The absence of sawtoothing in any patient with OSA was surprising and may be related to our insistence upon the strict criteria for sawtoothing defined by others, by the blinding of our test interpreters to the diagnosis of OSA, or by insensitivity of our pulmonary (unction apparatus in detecting small oscillations in the flow-volume relationship. We believe that the latter explanation best accounts for our disparate results, as other studies reporting the sawtooth pattern in OSA have used pulmonary function testing equipment different from ours. Differences in electronic filtering of flow signals from spirometry may account for the wide range of prevalence of sawtoothing in OSA. Pulmonary (unction testing systems that attenuate the signal response may “filter out” the sawtooth appearance of the flow-volume loop in patients with OSA.
Our study confirms previous reports demonstrating significant inverse relationships between PFTs and the severity of sleep-disordered breathing. We found that the frequency of abnormal breathing events during sleep was inversely related to several lung volumes (FRC and percentage of predicted values for FVC and TLC), PIF, and MW (percent predicted). In patients with OSA alone, AHI was strongly related to FRC (rs = – 0.74; p<0.01). All of these relationships were dependent upon obesity (but not age), becoming insignificant when BMI was controlled. The relationships between apnea/hypopnea frequency and percentage of predicted values for both FVC and TLC were also dependent upon FRC, becoming insignificant when FRC was controlled. Controlling for ERY which is inversely related to the degree of obesity in both normal subjects and patients with OSA, also rendered these relationships insignificant. Thus, obesity, reflected as BMI, appears to explain the inverse relationship between PFTs (FRC, other lung volumes, MW, and PIF) and the frequency of sleep-disordered breathing events. tadalis sx
Others have suggested that reduction in FRC may be related to the severity of sleep-disordered breathing. The reasons for this association are speculative, but our data suggest that obesity is responsible. It is known that the efficiency of the diaphragm as a generator of pressure is enhanced at low lung volumes. In obese individuals a longer diaphragm at a low FRC might generate more negative inspiratory pressures in the thorax and upper airway during contraction than a shorter diaphragm at a higher FRC, predisposing the pharynx to collapse.
We found only one relationship between PFTs and sleep-disordered breathing events to be independent of BMI. In patients with OSA, the relationship between the AI and MW (percent predicted) was significant (rs= —0.77; p<0.01) and remained so when partial correlation analysis accounted for BMI. This inverse relationship between the frequency of apneas during sleep and M W (percent predicted) in OSA has not previously been reported and is difficult to explain. Obesity and age do not weaken the significance of the relationship. We speculate that poor performance of the M W maneuver by patients with OSA occurs as a result of the suppressive effects of sleep apnea on motivation, effort, or respiratory muscle strength. The latter explanation is attractive because of strong correlations between MW (percent predicted) and FVC, a test which is in part dependent on respiratory muscle strength (for all subjects, rs = 0.73 and p<0.001; for patients with OSA, rs = 0.77 and p<0.01). Acute respiratory muscle fatigue may account for the poor MW values in those with the most severe OSA, but this seems unlikely, as the M W maneuver was carried out for only 12 s. We did not measure peak inspiratory pressure or maximum transdiaphragmatic pressure in our study, two measurements that possibly would clarify the observed relationship between the AI and MW (percent predicted). Chronic respiratory muscle fatigue cannot be excluded as a cause of this relationship.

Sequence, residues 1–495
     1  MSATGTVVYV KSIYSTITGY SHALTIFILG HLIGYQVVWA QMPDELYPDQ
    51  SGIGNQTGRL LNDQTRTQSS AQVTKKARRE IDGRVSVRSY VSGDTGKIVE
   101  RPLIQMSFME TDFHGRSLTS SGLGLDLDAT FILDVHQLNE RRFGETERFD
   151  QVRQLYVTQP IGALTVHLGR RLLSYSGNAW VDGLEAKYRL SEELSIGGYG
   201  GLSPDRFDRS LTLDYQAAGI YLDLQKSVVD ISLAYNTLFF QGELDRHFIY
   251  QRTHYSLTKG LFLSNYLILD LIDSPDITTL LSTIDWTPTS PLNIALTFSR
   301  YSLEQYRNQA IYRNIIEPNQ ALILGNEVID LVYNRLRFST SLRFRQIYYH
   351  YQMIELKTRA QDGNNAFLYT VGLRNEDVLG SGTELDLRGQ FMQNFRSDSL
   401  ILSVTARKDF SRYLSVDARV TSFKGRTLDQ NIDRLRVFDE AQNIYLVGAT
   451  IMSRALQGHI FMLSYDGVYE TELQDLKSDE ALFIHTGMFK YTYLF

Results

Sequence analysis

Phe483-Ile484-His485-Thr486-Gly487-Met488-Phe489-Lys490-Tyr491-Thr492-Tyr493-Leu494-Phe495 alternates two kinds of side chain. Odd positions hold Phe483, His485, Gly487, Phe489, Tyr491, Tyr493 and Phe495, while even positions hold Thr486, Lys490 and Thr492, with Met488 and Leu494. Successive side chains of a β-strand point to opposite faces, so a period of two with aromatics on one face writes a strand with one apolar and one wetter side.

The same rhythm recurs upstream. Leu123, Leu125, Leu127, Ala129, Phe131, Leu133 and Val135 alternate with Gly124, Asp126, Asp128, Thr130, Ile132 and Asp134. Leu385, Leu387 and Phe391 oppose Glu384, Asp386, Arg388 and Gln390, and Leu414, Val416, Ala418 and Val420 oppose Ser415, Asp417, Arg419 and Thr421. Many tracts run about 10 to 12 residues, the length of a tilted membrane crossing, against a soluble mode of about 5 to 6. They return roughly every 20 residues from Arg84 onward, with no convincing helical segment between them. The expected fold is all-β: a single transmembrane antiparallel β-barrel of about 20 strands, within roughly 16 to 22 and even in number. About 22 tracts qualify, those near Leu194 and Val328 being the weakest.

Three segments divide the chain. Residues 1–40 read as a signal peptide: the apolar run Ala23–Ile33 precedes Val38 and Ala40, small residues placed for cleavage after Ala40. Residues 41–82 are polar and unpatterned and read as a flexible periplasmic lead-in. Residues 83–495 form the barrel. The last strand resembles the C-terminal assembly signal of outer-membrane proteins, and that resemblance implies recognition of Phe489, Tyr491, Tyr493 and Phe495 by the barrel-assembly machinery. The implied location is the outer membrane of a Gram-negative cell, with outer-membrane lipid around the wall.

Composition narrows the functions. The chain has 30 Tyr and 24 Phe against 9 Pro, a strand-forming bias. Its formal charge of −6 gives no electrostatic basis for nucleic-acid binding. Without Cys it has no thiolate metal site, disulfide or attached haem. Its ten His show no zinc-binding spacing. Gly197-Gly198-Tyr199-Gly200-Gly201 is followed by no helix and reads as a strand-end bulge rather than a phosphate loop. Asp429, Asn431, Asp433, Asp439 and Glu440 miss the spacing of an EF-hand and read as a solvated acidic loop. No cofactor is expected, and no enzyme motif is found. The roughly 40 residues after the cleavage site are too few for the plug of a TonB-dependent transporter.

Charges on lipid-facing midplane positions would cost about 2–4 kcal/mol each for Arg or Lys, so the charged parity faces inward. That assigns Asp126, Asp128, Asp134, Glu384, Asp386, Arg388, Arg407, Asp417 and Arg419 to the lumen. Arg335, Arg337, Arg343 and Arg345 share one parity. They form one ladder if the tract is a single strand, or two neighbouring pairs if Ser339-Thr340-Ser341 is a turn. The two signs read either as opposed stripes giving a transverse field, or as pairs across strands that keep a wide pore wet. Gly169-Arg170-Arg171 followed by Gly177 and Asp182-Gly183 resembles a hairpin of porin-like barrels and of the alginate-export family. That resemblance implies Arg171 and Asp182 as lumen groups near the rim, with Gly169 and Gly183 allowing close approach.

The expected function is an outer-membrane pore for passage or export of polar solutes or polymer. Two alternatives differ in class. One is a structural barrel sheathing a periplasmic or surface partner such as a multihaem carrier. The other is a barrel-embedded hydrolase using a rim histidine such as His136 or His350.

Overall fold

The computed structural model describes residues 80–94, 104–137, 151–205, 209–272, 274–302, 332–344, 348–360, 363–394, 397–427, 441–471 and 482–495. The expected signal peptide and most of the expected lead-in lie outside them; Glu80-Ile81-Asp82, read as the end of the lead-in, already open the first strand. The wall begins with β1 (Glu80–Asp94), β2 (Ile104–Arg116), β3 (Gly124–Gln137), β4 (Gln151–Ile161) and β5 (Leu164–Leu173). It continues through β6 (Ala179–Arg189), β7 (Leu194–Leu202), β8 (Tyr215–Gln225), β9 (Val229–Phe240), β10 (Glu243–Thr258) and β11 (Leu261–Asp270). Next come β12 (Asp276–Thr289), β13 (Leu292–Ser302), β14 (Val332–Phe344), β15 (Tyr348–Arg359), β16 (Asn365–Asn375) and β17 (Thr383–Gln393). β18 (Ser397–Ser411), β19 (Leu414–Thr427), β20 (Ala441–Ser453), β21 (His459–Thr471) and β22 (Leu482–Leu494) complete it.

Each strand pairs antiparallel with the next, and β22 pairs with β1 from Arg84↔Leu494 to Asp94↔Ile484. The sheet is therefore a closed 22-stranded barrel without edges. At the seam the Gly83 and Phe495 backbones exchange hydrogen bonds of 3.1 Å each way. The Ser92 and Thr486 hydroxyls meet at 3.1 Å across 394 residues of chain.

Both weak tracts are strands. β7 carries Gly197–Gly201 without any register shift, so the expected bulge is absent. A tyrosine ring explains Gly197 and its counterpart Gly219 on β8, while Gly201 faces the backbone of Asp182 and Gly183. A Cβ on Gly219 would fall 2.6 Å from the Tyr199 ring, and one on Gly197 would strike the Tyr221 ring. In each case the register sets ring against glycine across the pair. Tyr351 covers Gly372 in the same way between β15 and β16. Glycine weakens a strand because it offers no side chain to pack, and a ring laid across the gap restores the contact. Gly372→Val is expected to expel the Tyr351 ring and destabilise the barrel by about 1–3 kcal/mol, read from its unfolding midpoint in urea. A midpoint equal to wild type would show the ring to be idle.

Limitations of our study include a relatively small number of patients and control subjects. We did not measure FRC in the supine position, which is lower than in the sitting position in patients with OSA. We also did not obtain flow-volume loops in the supine position, which may increase their sensitivity in OSA. cialis 10 mg
We conclude that patients with OSA who have smaller oropharyngeal dimensions have higher values for FEF50%/FIF50%. Significant inverse relationships exist between several PFTs and the frequency of sleep-disordered breathing events. Obesity may in general account for the strength of these relationships. Our study confirms that conventional PFTs, including the flow-volume loop, are normal in overweight men with OSA.